KCS or Keratoconjunctivitis sicca is also known as “Dry Eye”  is a painful condition caused by the inadequate production of tears. While tears are essential to the comfort of the eyes, they do much more than just provide lubrication. They contain anti-bacterial proteins, sugars, salts, oils, water, and oxygen; all of which provide nourishment to the eyes. Tears also flush out irritants and infectious agents.  Two lacrimal glands in the eyes are responsible for the secretion of tears.

Keratoconjunctivits sicca is the technical term for “Dry Eye”. ‘Kerato’ refers to the cornea, ‘conjunctivae’ are the pink membranes of the eye, ‘it is’ means inflammation, and ‘sicca’ means dry.  The eyes become irritated without tears, and the
conjunctival tissue around the eyes become red.  Over time, the cornea may turn brown in effort to protect the eye and there is often a gooey yellow discharge in and around the eyes of a patient suffering from KCS.

KCS occurs when there is a deficiency in the water part of the tear film, which accounts for 95% of the tear fluid. Without the proper percentage of water, there is a surplus of oil and mucous present resulting in the typical gooey yellow discharge that is characteristic of KCS.

Causes of KCS:

  • Congenital defect resulting in lack of tear production
  • Injury
  • Use of Sulfa type drugs
  • Removal of the lacrimal glands ie) during a surgery to correct ‘Cherry Eye’
  • Anesthesia, if the eyes aren’t lubricated
  • Inheritance due to breed disposition, which is an immune mediated condition causing destruction of the tear gland-Damage to the facial nerve (Cranial Nerve VII)
  • Middle ear infection
  • Bacterial or viral infections
  • Systemic diseases such as hypothyroidism, Cushings, Diabetes Mellitus, Addisons and Distemper.

Symptoms of KCS:

  • Pawing or rubbing at eyes
  • Eye redness
  • Dull, dry, lackluster appearance of the cornea (outer surface of the eyeball)
  • Ocular discharge (yellowish green and gooey, collecting in the corners of the eyes and crusting)
  • Protrusion of the 3rd eyelid-Hypersensitivity to light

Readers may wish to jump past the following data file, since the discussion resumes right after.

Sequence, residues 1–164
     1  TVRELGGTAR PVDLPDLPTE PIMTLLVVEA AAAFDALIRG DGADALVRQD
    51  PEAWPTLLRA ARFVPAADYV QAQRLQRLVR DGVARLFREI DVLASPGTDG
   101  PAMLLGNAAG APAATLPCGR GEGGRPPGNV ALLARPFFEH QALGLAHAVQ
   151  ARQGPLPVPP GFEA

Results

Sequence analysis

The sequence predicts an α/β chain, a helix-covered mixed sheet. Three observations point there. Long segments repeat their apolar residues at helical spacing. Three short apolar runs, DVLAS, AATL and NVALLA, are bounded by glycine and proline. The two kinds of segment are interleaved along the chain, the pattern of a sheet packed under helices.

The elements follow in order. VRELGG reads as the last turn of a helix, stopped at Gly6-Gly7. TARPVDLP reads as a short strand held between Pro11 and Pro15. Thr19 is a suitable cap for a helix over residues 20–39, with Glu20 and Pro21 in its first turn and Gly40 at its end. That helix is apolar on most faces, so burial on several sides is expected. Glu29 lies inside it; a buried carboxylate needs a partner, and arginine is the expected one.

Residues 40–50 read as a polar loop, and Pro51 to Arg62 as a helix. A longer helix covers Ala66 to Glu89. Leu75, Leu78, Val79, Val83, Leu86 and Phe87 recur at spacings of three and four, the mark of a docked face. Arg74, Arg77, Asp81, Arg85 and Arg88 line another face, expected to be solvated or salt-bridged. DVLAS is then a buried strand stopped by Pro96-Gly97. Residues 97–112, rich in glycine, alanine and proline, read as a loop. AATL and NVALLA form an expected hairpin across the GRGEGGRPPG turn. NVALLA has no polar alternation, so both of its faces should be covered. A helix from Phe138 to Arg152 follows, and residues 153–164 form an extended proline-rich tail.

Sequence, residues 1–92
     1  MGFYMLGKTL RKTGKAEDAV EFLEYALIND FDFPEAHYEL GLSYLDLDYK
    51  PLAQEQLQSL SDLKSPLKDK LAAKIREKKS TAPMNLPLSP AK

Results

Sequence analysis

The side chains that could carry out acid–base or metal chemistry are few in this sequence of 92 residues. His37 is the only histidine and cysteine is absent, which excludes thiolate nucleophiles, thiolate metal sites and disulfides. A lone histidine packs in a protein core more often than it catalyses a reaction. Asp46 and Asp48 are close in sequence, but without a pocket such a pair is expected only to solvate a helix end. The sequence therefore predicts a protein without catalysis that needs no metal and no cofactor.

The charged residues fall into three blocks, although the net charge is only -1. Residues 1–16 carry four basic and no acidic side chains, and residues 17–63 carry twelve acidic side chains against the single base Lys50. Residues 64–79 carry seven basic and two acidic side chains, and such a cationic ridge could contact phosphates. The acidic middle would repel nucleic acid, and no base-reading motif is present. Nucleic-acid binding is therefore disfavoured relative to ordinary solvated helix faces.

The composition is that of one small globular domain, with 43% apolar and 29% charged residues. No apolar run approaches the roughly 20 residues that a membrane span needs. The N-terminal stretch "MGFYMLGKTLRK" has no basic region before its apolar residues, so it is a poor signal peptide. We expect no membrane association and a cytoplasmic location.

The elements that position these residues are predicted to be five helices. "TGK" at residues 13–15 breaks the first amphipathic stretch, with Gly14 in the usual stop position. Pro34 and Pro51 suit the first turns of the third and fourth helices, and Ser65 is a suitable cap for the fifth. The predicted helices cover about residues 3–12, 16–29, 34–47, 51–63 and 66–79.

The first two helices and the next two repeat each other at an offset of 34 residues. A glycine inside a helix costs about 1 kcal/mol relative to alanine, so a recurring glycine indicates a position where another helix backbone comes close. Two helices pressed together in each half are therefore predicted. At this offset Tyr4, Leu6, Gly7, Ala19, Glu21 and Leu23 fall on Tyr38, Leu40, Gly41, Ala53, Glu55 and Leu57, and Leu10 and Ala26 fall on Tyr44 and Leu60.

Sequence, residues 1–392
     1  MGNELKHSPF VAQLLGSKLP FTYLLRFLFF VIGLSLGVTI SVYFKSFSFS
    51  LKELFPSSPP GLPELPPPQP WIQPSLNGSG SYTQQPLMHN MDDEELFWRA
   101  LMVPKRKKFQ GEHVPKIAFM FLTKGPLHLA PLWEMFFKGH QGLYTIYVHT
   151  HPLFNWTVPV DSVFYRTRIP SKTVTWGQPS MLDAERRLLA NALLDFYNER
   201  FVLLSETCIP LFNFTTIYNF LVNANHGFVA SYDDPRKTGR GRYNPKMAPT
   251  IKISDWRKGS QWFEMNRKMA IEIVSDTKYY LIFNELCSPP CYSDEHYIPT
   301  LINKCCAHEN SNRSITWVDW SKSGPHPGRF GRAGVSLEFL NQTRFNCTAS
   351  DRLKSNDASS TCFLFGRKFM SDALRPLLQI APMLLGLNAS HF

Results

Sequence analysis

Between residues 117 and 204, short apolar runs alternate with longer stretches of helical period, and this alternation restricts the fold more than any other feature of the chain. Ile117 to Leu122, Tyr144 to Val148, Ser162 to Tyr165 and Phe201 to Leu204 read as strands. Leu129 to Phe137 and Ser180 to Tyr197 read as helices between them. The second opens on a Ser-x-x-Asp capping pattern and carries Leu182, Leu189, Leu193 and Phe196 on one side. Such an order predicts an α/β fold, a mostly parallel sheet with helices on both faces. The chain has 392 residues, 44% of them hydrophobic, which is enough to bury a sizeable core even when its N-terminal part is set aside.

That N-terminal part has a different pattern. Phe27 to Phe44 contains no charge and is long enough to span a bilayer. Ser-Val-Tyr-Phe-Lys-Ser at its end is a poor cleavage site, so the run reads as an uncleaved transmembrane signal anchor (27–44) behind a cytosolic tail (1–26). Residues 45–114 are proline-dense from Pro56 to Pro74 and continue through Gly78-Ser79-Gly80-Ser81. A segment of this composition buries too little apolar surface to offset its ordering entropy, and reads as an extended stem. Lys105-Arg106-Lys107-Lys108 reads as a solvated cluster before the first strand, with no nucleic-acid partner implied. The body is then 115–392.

• Excessive blinking
  • Impaired vision
  • Ulceration or scaring of the cornea

How is KCS Diagnosed

In the early stages, KCS can resemble common variety eye infections (conjunctivitis), therefore it is important to measure the level of tear production in the affected eye(s). The Schirmer Tear Test is the method used in Veterinary Medicine. A strip of paper is inserted in to the lower eyelid for 60 seconds. The moisture of the eye wets the paper and a scale on the strip indicates this measured level of moisture in the eye.  15 mm or greater is considered normal, while 11-14mm is borderline and less than 5mm is severely dry. If a corneal ulcer is suspected, another test may be performed. This test, like the Schirmer test is not painful or dangerous and is called the Florescein Dye Test. A few drops of dye are placed in the affected eye and will highlight any roughened or ulcerated area if the cornea. The veterinarian looks at the eye with the opthalmoscope and will then rinse the remained of the dye out with a gentle stream of water.

How is KCS treated?

There are several products available to help treat and manage KCS. Cyclosporin is an immunomodulating drug that is used in patients recovering from organ transplants. Used as an eye drop it helps to supress immune destruction and restore tear production (provided the lacrimal glands are still functioning). Cyclosporin has been very successful in treating KCS and only has to be applied once or twice daily. There are other products on the market as well which your veterinarian will consider in determining the best treatment plan for your pet.  Artificial tear products and antibiotics are often added to the treatment regime initially as the low tear production associated with KCS reduces the ability of the eye to wash infectious agents away, making the patient prone to infections.

Immune mediated dry eye is a chronic condition that isn’t curable but can usually be managed with lifelong treatment.  If medication doesn’t alleviate the patient’s symptoms, there are several surgical options that may help. Your veterinarian will advise you when and if surgery may be the most appropriate form of treatment for your pet.

Prognosis for KCS affected patients varies depending on the cause of the condition and the compliance of the owner in following the treatment therapy. Dogs that have immune mediated KCS generally need to be treated daily for the rest of their lives. While a complete cure isn’t always possible, effective management of this condition is quite possible, but it is a long term commitment and can be challenging for owners.